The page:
Obama's Dalai Lama chat irks China
US President Barack Obama hosts the exiled Tibetan spiritual leader the Dalai Lama, a move denounced by China as "gross interference".
Unblinking, rather like a great porcelain idol, U Po Kyin gazed out into the fierce sunlight. He was a man of fifty, so fat that for years he had not risen from his chair without help, and yet shapely and even beautiful in his grossness; for the Burmese do not sag and bulge like white men, but grow fat symmetrically, like fruits swelling.
No writer is better placed than Chinua Achebe to tell the story of the Nigerian Biafran war from a cultural and political perspective. Yet, apart from an interview with Transition magazine in 1968 and a book of Biafran poems, Nigeria's most eminent novelist has kept a literary silence about the civil war in which he played a prominent role – until now. In his engrossing new memoir, There Was A Country, Achebe, now 81, finally speaks about his life during the conflict that nearly tore Nigeria apart in the late 60s.
She listened absorbedly.
a awfully nice man, and I like him awfully.
IN BRIEF: In a terrible way. Very, extremely.
It was awfully cold in Buffalo, New York.
ab·sorb (əb-sôrb', -zôrb')
tr.v., -sorbed, -sorb·ing, -sorbs.
- To take (something) in through or as through pores or interstices.
- To occupy the full attention, interest, or time of; engross. See synonyms at monopolize.
- To retain (radiation or sound, for example) wholly, without reflection or transmission.
- To take in; assimilate: immigrants who were absorbed into the social mainstream.
- To learn; acquire: "Matisse absorbed the lesson and added to it a new language of color" (Peter Plagen).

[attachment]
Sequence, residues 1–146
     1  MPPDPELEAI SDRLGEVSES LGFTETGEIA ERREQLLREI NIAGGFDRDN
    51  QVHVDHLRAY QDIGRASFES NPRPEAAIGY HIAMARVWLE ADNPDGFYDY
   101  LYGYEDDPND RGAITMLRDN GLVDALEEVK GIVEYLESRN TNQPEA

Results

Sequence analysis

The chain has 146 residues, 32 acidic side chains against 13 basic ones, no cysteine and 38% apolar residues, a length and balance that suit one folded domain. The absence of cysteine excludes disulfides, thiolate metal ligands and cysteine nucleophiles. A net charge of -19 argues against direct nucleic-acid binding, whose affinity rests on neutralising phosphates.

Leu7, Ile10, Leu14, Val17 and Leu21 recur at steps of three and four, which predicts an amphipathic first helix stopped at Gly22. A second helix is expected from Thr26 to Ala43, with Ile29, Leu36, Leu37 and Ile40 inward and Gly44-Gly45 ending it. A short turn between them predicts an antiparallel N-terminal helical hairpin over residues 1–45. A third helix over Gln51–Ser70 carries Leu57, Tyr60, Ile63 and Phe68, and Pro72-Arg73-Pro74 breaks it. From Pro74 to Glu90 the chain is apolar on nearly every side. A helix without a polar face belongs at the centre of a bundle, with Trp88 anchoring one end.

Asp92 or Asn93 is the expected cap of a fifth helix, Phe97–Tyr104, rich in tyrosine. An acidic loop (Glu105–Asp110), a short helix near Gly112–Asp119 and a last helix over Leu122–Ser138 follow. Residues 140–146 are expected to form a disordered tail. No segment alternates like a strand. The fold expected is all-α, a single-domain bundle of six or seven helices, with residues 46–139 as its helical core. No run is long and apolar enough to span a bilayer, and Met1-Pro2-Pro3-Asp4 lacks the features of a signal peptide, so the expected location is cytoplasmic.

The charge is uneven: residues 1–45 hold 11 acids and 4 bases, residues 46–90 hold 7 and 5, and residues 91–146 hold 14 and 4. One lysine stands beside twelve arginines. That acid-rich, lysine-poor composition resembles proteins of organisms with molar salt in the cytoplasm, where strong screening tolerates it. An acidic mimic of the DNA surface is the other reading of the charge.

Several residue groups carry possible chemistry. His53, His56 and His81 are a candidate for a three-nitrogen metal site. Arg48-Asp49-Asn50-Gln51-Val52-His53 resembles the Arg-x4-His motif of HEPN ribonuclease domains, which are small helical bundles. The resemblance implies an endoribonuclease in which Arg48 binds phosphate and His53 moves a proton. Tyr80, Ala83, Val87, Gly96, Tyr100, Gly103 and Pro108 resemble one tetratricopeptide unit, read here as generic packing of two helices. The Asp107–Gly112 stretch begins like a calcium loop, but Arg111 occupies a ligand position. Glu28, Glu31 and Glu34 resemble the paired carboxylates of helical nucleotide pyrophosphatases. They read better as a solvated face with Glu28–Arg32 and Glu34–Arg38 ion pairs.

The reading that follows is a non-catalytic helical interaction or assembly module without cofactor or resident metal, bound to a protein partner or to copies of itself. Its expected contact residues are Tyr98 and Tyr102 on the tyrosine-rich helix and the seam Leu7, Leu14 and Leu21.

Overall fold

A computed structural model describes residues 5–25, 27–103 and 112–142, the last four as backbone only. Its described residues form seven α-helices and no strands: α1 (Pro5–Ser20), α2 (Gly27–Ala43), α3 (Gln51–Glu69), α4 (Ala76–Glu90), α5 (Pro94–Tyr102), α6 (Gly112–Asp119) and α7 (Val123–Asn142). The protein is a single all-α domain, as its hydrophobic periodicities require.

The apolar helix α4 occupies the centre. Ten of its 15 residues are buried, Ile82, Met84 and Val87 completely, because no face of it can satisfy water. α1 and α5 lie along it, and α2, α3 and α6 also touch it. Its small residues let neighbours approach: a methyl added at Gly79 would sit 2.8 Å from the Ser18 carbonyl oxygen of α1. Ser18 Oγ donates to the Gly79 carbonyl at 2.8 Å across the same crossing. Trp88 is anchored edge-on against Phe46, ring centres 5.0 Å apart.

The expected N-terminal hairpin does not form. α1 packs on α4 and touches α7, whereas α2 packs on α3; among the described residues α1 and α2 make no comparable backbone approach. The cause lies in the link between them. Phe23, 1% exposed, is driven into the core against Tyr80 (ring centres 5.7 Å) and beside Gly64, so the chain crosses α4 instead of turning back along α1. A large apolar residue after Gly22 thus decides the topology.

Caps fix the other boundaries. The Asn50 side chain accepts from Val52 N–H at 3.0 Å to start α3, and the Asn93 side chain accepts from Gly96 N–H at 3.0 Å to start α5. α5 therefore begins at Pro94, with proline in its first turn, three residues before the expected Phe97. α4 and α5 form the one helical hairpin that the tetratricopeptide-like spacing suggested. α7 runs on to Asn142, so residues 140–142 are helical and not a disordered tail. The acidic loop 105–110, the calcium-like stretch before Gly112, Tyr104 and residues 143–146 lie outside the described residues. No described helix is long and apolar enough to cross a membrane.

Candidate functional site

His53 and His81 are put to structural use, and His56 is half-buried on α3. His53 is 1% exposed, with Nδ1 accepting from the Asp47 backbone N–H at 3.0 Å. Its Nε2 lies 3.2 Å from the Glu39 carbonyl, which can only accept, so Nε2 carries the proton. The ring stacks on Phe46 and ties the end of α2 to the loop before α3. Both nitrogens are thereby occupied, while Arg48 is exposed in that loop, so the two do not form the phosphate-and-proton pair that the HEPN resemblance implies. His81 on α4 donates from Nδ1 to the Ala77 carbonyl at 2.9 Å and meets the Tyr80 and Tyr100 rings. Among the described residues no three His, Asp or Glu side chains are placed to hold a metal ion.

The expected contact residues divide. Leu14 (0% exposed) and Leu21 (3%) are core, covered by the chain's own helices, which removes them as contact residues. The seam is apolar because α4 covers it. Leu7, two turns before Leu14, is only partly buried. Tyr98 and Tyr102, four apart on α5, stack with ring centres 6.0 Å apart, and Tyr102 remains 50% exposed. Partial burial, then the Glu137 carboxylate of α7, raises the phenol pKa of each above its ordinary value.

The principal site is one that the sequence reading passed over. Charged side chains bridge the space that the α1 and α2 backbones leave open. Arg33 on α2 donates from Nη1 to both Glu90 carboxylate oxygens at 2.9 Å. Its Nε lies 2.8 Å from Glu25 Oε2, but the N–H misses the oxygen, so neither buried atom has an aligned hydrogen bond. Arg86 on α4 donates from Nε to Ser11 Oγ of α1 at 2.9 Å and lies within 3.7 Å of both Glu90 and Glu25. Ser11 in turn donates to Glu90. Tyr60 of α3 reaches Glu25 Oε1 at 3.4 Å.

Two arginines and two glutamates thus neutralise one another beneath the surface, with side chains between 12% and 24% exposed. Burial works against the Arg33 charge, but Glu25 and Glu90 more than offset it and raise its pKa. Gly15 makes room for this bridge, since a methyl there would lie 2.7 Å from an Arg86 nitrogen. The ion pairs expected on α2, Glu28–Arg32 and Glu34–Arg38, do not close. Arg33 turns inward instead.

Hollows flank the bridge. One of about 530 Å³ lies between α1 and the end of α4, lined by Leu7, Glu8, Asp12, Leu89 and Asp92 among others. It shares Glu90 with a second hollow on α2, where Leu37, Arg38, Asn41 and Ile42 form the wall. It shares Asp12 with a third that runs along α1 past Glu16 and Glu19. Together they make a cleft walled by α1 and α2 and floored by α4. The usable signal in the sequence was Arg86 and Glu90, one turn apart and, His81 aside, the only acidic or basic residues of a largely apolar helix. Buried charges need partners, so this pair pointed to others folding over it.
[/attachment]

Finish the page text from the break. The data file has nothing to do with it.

- To receive (an impulse) without echo or recoil: a fabric that absorbs sound; a bumper that absorbs impact.
- To assume or pay for (a cost or costs).
- To endure; accommodate: couldn't absorb the additional hardships.
- To use up; consume: The project has absorbed all of our department's resources.
[Middle English, to swallow up, from Old French absorber, from Latin absorbēre : ab-, away; see ab-1 + sorbēre, to suck.]absorbability ab·sorb'a·bil'i·ty n.
absorbable ab·sorb'a·ble adj.
absorbedly ab·sorb'ed·ly adv.
absorber ab·sorb'er n.
absorbingly ab·sorb'ing·ly adv.
Author Lindsay Ashford moved to Austen’s village of Chawton three years ago. She soon became engrossed in old volumes of Austen’s letters, and one morning spotted a sentence Austen wrote just a few months before she died："I am considerably better now and am recovering my looks a little, which have been bad enough, black and white and every wrong colour."
Having researched modern forensic techniques and poisons for her crime novels, Ashford immediately realised the symptoms could be ascribed to arsenic poisoning, which can cause "raindrop" pigmentation, where patches of skin go brown or black, and other areas go white.
Professor Janet Todd, editor for the Cambridge edition of Jane Austen, said that murder was implausible. "I doubt very much she would have been poisoned intentionally. I think it’s very unlikely. But the possibility she had arsenic for rheumatism, say, is quite likely."
engross：動詞，使人全神貫注、吸引。例句：He’s engrossed in his work.（他專心工作。）
Definition of engrossverb
Origin:late Middle English (formerly also as ingross): based on en-1, in-2 'in' + late Latin grossus 'large'. Sense 1 is from Old French en gros, from medieval Latin in grosso 'wholesale'; sense 2 comes from Anglo-Norman French engrosser, medieval Latin ingrossare, from Old French grosse, medieval Latin grossa 'large writing', with reference to clerks writing out documents in large, clear writing
1 〈物・事が〉心を奪う, 夢中にする.
- 2(of income, profit, or interest) without deduction of tax or other contributions; total: the gross amount of the gift was $1,000 the current rate of interest is about 6.1 percent grossOften contrasted with 2 ( sense 1 of the adjective)) in Oxford Dictionaries (US English)">net2 ( sense 1 of the adjective).
- 2.1(of weight) including all contents, fittings, wrappings, or other variable items; overall: a projected gross takeoff weight of 500,000 pounds
- 2.2(of a score in golf) as actually played, without taking handicap into account.
2 (plural grosses) a gross profit or income: the box-office grosses mounted1 (plural same) an amount equal to twelve dozen; 144: fifty-five gross of tins of processed milk
[From French grosse douzaine, literally 'large dozen']
OriginMiddle English (in the sense 'thick, massive, bulky'): from Old French gros, grosse 'large', from late Latin grossus.